Energy-efficient water heaters are a smart investment for your home
by Melissa Gaines, Contributing Columnist
Imagine this scenario: You wake up in the morning, determined to make today a good day. You spring out of bed, head to the bathroom, turn on the shower, step inside and get an ice-cold eye-opener — your water heater isn’t working.
Unless you’re a big fan of cold showers, a broken water heater can turn a good day bad in an instant. Major appliances tend to break down when you least expect it, and repairing or replacing them can be a real blow to your schedule, as well as your wallet.
But you can avoid a shocking shower by taking some time to plan ahead. Now may be a great time to consider upgrading your water heater. There are many energy-efficient options on the market that will warm you up in no time, while also being kind to your budget in the long term.
One way to ensure you are saving as much energy — and money — as possible is to look for the Energy Star label.
The U.S. Environmental Protection Agency, the Energy Star program and its partners work together to save consumers money on energy expenses while also protecting the environment. Products bearing the Energy Star label have been independently certified to meet strict EPA standards for energy efficiency. The more efficient an appliance is, the less expensive it is to operate and the better it is for the environment.
According to its website, since 1992 the Energy Star program has helped save 5 trillion kilowatt-hours of electricity, $500 billion in energy costs and reduced greenhouse gas emissions by 4 billion metric tons. You can learn more about the Energy Star program at energystar.gov.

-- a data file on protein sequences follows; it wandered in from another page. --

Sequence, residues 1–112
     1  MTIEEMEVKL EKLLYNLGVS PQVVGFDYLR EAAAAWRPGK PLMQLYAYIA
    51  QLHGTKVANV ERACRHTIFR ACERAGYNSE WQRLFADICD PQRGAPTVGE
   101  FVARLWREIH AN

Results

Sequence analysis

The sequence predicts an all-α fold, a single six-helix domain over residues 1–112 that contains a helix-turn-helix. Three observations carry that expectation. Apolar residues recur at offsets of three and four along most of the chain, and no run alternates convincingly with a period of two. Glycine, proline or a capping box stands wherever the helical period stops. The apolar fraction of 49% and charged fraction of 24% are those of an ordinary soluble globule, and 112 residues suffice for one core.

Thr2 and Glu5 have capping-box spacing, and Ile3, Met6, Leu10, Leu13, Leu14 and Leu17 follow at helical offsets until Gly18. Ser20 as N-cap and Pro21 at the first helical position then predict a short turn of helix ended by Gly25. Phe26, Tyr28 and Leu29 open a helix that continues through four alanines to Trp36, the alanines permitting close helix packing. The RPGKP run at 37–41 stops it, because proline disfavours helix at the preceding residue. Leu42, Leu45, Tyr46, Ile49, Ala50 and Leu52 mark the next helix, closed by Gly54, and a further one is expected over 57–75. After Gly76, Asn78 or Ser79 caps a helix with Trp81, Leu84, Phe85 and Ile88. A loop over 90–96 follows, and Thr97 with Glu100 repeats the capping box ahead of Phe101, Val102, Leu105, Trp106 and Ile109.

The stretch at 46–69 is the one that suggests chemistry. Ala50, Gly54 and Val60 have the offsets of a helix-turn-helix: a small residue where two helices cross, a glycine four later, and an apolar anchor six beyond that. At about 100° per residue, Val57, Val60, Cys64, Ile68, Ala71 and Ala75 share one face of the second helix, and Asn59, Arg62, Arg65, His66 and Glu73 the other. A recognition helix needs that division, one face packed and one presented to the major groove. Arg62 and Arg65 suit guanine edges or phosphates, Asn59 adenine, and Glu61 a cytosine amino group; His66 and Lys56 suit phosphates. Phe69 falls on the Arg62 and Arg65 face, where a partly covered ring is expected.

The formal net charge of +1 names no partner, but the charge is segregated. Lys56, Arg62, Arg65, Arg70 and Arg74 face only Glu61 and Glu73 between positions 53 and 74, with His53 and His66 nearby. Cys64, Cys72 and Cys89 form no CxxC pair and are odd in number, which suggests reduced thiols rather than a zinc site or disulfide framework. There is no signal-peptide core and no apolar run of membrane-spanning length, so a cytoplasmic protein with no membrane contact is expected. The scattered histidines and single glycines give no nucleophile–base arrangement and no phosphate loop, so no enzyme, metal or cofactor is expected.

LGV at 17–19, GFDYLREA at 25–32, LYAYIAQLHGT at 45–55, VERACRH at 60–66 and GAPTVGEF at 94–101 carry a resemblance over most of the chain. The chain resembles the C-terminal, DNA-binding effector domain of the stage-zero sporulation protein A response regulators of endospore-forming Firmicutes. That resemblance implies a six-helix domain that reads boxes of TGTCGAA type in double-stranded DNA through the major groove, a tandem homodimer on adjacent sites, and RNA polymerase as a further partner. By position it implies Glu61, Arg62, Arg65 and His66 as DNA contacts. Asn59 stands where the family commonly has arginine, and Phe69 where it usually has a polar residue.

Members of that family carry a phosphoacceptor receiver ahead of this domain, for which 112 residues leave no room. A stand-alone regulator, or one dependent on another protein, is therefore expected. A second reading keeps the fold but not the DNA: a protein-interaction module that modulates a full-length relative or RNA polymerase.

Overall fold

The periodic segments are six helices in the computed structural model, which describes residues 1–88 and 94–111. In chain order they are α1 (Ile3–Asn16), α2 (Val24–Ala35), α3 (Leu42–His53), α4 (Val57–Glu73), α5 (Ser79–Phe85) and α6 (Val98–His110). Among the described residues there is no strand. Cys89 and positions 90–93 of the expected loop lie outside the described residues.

A heat pump water heater can help reduce your energy usage. While traditional water heaters use electricity to warm the entire tank of water, a heat pump water heater draws in heat from the air, warms it further, and then uses that heat to warm the water in the storage tank. This process saves energy and money, because the water heater doesn’t need to work as hard to generate heat. Water heaters can account for up to 20% of your entire energy bill, but by using a heat pump water heater, you can expect to save money each year.
Technology is ever-evolving, and major household appliances have not been left behind. Much like smart refrigerators and washing machines, some water heaters are Wi-Fi enabled and use apps to let users monitor their usage and control settings. For example, what if your smart water heater springs a leak while you’re out of town? No problem, the app will alert you and will even shut off the water supply to prevent further damage. Smart water heaters also allow you to remotely manage other functions like setting the temperature and enabling a child safety lock mode.
For more, visit ee.odec.com/water-heating